The Dallas Cowboys have added to their receiver arsenal by getting Tavon Austin from the Los Angeles Rams for a 6th round pick (192 overall).
Tavon had promising beginnings in his first four years with the Rams, but had a down year last year with only 13 catches for 47 yards. He did, however, have his best rushing season with 59 carries for 270 yards and a touchdown.
At 5’9″ it is doubtful that Austin will be able to replace the hole in the Cowboys’ receiving core, caused by the loss of Dez Bryant. Austin has a 1 year contract that will count $7 million against the cap.
This is a peculiar addition, to say the least, considering the Cowboys already have two slot receivers in Cole Beasley and Ryan Switzer.
About the AuthorDoctor Matt is 1/2 of the Sports Over Served Podcast and skilled in the art of creative writing (according to his 3rd-grade English teacher). He also says he knows a thing or two about basketball, which qualifies him as our NBA Expert? Don't agree with Matt? Feel free to leave a comment!
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By Brendon Jessop — 3 years ago
A wise man once said, “A W is a W”. That has never been more true than right now. In what was, without question, the ugliest game of the year played by the boys in blue, they somehow figured out a way to escape with a win. Four fumbles, two were recovered by the Vikings, 10 penalties for 78 yards all seeming to come on big plays:
- 43 yard scamper by Ezekiel Elliott: Holding by Doug Free – Drive ended 3 plays later with Lucky Whitehead lost fumble
- Interception by Anthony Hitchens (@ MIN 39): Illegal Use of the Hands by Orlando Scandrick – Drive resulted in a Vikings punt
- 7 yard run by Ezekiel Elliott: Clipping by Gavin Escobar. Instead of 2nd & 3, its 1st & 24, drive resulted in Dallas Punt
- 11 yard reception by Jason Witten on 3rd & 8: Holding on Ezekiel Elliott, drive resulted in a Dallas punt 2 plays later.
Dallas did everything they could to lose this game. The Vikings defense played as expected and held this offense to 264 yards. Dak Prescott finished the day 12/18 for 139 and a touchdown for a rating of 108.3. I should note that over 50 of those 139 yards came on 1 play to Dez Bryant. What kept the Cowboys mistakes from dooming them was the failures by the Minnesota special teams. Punter Jeff Locke had a miserable day, averaging only 32 yards per punt and more than one of those punts shooting backwards for a big Dallas gain. Adam Thielen lost the ball on this punt return which led to a Dez Bryant touchdown on the next play.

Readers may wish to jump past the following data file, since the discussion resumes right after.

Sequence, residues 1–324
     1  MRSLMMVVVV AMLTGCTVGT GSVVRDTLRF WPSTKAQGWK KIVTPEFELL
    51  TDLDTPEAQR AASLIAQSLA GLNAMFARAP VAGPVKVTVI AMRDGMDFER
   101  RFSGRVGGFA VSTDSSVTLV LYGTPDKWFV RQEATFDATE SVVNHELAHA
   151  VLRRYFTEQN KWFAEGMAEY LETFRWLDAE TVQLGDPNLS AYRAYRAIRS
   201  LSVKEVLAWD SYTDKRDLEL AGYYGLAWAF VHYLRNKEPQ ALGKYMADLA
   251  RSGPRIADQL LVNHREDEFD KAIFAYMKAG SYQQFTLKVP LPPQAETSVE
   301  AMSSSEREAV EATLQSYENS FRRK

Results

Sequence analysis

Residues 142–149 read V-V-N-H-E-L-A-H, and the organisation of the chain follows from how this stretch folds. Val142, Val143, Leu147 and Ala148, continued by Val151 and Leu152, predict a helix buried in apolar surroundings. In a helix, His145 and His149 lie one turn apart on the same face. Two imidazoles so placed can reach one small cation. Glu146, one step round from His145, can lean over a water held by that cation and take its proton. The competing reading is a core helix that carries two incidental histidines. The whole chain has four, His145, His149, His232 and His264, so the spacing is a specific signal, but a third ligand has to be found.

— Chat Sports (@ChatSports) December 2, 2016
The offense faced its toughest test of the year against this Vikings defense. The Vikes built their secondary the way the Cowboys built their Offensive line and it showed. Dez was able to capitalize on their one mistake for a massive reception that fell short of the end zone by 1 yard, but other than that one mistake, the secondary held the Dak Prescott in check.
— NFL Network (@nflnetwork) December 2, 2016
Dak continued to play smart but was again taken by surprise when he was put under pressure and had the ball knocked out of his hand. If there is a knock on Dak, this is it. Perhaps it is due to the comfort generally afforded him by this offensive line. We all say how comfortable he looks in the pocket, but maybe it’s too comfortable. Dak has 4 times as many fumbles as interceptions. Sam Bradford happens to be the closest to this stat among active starting quarterbacks with 7 fumbles and 3 interceptions. Zeke had a steady game and should have broken the 100 yard mark but had a 43 yard run negated by a holding penalty, he finished the day with 20 carries for 86 yards and this TD.
— Chat Sports (@ChatSports) December 2, 2016
Defensively, the Cowboys played well. They gave up a total of 87 rushing yards and 231 passing. Bradford completed 32/45 for an average of 5.5 yards per reception, which would rank him 54th among the 59 Quarterbacks who have attempted a pass this year. This was a result of the offensive Vikings offensive line which forced Bradford to catch and shoot the entire game. The Cowboys played safe, made tackles and kept the offense in front of them, which led to 3 field goals until the last two minutes of the game when Sam Bradford looked like the former 1st overall pick and led the Vikings down the field with no timeouts to find the end zone and pull within 2 with 25 seconds left. Bradford and the Vikes went for 2 but Bradford’s pass sailed out the back of the end zone. With all the mentions of bad calls or over calls, the refs flat out missed one on this play which sealed the win for the Cowboys. The Cowboys pass rush got home and slapped Bradford in the jaw just after he released the ball, this should have resulted in a penalty and retry of the 2 pt conversion, instead, the pass is incomplete and the Vikings are forced to try an onside kick. Jason Witten recovered the onside kick and Dak kneeled the ball to end the game and the Cowboys win their 11th straight game.